Evidently, the stakes are quite clear. Wolverine’s involvement in the past is set against a ticking clock frame, the bulk of the action involving McAvoy, Fassbender, and Lawrence’s versions of the older mutants as well as Jackman’s younger Wolverine (except you would never know that he’s any younger, the actor looks better almost fifteen years after he first immortalized the role). Therefore, Days of Future Past is a First Class sequel for approximately 80% of its runtime. We begin in the future, and we cut back to the original trilogy cast a few times throughout, but the little time spent in Singer’s future world is spectacular and excitingly fresh. There’s an opening set piece involving some newer mutants, as well as Iceman and Kitty Pryde, which could have been the climax to an entirely separate X-Men movie. It’s clever, layered, and quite exciting, especially because of how it’s used to exemplify the tropes of the narrative. The sets are damp and dreary, the photography bleak and shadowy, and the vision unlike anything Singer has ever come close to previously. Before picking up where he and First Class director, Matthew Vaughn, left off, we get a peak at a brutal future that has molded many of our heroes into very different people, and completely erased some of the others that we used to see on screen. If Wolverine succeeds, it could have an even more powerful impact than just preventing a war. It can impact who these heroes grow up to be.
While writer Simon Kinberg floods most of the first act with exposition – why the future is so bad, how Wolverine can travel back in time, where young Xavier and Magneto are, why young Xavier can walk, etc. – it’s essential that viewers forgive this. As the center of the picture will show, this movie is big, big, BIG, and attempts to cover a whole lot of ground in an impressively economic runtime. At 130 minutes, X-Men: Days of Future Past manages to tell a complete story, maintain clearly motivated and expertly crafted action sequences, develop its key characters, impart witty humor, easter eggs, and bring it all to a fulfilling close. It has lofty ambitions, but Kinberg unites it all by effectively accomplishing his toughest task: finding a perspective. Wolverine was always offered more than the other mutants in the original trilogy, but in X2, the best ‘ensemble’ film of the series, he’s a guiding light with personal connections to the villain. Here, Wolverine is a similar kind of avatar, but he brings the narrative spotlight to the character that sensibly and necessarily deserves it: Professor Xavier.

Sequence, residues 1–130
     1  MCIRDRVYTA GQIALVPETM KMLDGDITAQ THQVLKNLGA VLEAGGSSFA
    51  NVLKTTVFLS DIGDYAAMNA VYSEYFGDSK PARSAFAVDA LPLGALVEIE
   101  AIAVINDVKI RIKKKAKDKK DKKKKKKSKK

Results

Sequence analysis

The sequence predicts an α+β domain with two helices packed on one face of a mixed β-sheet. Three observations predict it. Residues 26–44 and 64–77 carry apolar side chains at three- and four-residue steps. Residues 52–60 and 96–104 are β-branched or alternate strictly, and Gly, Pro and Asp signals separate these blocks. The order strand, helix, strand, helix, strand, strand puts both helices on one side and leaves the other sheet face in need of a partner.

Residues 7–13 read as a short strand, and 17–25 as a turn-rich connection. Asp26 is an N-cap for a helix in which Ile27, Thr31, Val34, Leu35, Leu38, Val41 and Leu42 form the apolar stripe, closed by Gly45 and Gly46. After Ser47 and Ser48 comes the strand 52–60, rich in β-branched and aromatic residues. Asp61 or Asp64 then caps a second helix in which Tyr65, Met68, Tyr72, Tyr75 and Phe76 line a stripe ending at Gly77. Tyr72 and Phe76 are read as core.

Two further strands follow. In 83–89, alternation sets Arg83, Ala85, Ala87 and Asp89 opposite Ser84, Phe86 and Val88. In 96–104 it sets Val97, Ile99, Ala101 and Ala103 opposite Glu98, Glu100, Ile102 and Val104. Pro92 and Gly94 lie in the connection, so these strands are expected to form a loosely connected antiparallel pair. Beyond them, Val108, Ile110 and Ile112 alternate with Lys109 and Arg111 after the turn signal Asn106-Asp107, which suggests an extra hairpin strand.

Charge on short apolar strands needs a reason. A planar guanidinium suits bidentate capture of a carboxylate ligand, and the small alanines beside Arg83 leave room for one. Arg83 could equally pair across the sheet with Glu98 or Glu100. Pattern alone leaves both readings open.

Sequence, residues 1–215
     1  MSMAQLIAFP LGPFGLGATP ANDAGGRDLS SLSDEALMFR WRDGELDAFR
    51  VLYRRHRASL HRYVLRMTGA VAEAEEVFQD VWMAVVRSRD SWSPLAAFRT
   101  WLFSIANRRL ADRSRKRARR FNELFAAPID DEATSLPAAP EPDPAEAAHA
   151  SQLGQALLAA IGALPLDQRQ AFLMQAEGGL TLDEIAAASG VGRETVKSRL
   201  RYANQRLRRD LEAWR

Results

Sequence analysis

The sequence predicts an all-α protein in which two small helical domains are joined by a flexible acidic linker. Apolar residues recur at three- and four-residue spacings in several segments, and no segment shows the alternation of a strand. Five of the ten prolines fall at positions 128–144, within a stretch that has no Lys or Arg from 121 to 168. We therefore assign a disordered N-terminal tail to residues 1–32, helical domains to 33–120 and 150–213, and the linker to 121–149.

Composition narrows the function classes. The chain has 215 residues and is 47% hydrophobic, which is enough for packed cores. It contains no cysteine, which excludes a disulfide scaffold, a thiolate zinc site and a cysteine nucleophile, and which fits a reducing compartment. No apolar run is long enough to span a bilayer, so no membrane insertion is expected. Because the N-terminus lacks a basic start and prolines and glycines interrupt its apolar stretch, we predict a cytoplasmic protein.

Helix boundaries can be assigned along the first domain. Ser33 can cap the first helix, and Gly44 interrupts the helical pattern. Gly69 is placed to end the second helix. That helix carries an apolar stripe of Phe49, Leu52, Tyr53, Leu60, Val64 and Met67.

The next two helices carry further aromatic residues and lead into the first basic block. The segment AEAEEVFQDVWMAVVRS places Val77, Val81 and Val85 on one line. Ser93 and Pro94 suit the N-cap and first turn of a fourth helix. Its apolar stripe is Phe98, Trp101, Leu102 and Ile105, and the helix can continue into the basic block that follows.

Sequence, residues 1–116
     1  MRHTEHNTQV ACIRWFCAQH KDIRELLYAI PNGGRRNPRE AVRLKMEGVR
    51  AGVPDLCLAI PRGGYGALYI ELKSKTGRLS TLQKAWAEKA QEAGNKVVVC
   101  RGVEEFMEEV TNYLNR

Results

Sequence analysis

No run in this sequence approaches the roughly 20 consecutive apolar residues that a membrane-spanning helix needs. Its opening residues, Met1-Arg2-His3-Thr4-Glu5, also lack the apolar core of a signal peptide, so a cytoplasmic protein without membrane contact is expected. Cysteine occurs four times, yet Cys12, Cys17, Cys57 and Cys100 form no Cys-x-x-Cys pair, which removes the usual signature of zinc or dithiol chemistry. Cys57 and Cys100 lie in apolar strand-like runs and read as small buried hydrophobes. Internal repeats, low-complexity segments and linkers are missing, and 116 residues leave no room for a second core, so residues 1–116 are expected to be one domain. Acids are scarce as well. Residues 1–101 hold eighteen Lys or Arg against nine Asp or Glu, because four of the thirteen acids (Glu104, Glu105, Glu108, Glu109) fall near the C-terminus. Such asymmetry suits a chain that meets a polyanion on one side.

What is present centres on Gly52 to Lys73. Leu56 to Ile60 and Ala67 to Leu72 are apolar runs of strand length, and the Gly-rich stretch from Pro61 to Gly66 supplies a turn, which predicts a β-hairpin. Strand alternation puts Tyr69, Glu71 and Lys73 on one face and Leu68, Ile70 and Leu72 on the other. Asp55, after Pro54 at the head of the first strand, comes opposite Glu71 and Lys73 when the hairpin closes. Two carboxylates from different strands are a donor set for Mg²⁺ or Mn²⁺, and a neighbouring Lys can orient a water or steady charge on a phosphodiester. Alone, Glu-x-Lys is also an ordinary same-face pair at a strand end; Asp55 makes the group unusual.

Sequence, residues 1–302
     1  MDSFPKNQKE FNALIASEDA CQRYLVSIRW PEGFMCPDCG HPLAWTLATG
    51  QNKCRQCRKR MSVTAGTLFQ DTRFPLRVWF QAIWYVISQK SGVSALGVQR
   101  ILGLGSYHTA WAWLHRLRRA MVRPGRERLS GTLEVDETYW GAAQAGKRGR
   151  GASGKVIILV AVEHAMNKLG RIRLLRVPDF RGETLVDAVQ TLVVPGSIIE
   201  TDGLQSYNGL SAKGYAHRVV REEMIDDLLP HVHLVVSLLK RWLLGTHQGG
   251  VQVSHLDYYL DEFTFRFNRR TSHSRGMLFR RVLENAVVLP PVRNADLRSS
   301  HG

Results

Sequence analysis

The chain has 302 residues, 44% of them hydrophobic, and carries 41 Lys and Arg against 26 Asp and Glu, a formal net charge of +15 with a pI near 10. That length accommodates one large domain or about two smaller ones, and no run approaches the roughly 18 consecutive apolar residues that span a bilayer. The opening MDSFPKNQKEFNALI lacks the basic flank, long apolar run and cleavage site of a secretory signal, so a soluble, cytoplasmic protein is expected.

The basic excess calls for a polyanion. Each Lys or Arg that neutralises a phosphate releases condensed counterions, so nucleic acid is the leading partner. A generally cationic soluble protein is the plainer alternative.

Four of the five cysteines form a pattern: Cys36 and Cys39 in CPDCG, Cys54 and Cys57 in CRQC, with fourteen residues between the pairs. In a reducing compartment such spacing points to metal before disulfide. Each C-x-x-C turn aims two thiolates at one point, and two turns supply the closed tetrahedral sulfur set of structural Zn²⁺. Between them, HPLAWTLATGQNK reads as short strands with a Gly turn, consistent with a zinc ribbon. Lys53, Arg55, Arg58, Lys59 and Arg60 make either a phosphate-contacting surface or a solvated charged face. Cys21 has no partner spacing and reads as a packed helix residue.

James McAvoy was an inspired casting choice in First Class and he’s engrossing on screen as a tattered young Xavier. His school a victim of the Vietnam Draft and turgent America, not to mention the spinal injury that has relegated him to his iconic wheelchair, he’s become lost in his regrets: Losing control of a friend he deeply cared for – Magneto – and worrying for a woman he loved like a sister – Mystique. He faces an unbelievable duty that could rectify most of what has ruined his life, but he’s become afraid. Xavier’s belief in humanity was always clearly expressed but never conclusively justified. This film roots Xavier’s open-minded perspective, and the film does some really beautiful things with Xavier in both the past and the present. McAvoy gives a beautiful performance, and Stewart continues to embody the role that he was always perfect for. The two together access Xavier like no other X-Men film has even considered.
McAvoy and the recent Academy Award nominee, Michael Fassbender, are Shakespearean opposite one another. They were aces in First Class, but with their characters reuniting under far different circumstances, there’s an unfeathered edge to each of them, sustaining McAvoy’s rawness and Fassbender’s stoicism. Unfortunately, Fassbender isn’t given the strongest treatment like in First Class. He is the catalyst for most of the set pieces, but Magneto isn’t united to his ‘old friend’ like in X2 or First Class, nor is he the villain like in X-Men or The Last Stand. He’s another powerful piece in an elaborate, time leaping chessboard. But now that Fassbender and McAvoy are sharing the screen with Patrick Stewart and Ian McKellen, it’s exceptional just how believable it is that the young versions of these two men could age into the elder versions from the earlier films. The power of performance rings true.